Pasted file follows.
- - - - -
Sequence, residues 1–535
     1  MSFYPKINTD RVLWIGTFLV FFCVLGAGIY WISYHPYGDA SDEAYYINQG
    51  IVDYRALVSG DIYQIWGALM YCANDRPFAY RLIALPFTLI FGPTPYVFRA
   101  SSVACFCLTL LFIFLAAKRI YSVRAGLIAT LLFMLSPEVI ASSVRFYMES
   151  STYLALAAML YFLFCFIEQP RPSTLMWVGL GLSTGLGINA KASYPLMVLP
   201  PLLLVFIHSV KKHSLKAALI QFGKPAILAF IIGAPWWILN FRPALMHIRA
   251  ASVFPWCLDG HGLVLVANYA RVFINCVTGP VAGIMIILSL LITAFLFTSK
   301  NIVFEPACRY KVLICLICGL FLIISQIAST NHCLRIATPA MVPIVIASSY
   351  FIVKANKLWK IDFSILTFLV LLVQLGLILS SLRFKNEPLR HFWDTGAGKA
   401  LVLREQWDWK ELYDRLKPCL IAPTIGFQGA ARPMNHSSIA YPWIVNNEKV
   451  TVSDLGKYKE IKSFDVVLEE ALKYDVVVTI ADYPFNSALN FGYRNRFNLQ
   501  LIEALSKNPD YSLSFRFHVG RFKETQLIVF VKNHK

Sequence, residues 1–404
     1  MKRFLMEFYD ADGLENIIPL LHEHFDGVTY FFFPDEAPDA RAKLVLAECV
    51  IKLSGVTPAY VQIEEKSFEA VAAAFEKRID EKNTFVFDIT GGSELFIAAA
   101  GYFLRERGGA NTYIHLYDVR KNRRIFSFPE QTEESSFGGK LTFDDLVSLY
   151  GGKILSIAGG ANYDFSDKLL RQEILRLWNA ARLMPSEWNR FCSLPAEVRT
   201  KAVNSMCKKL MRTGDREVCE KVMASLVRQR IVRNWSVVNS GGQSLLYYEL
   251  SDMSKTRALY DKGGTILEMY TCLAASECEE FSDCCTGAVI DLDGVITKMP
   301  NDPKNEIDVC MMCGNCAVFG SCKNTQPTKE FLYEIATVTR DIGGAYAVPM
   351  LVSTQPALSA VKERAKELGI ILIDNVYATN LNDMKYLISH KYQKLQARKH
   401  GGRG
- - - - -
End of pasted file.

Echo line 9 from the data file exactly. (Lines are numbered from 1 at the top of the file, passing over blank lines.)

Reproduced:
   351  FIVKANKLWK IDFSILTFLV LLVQLGLILS SLRFKNEPLR HFWDTGAGKA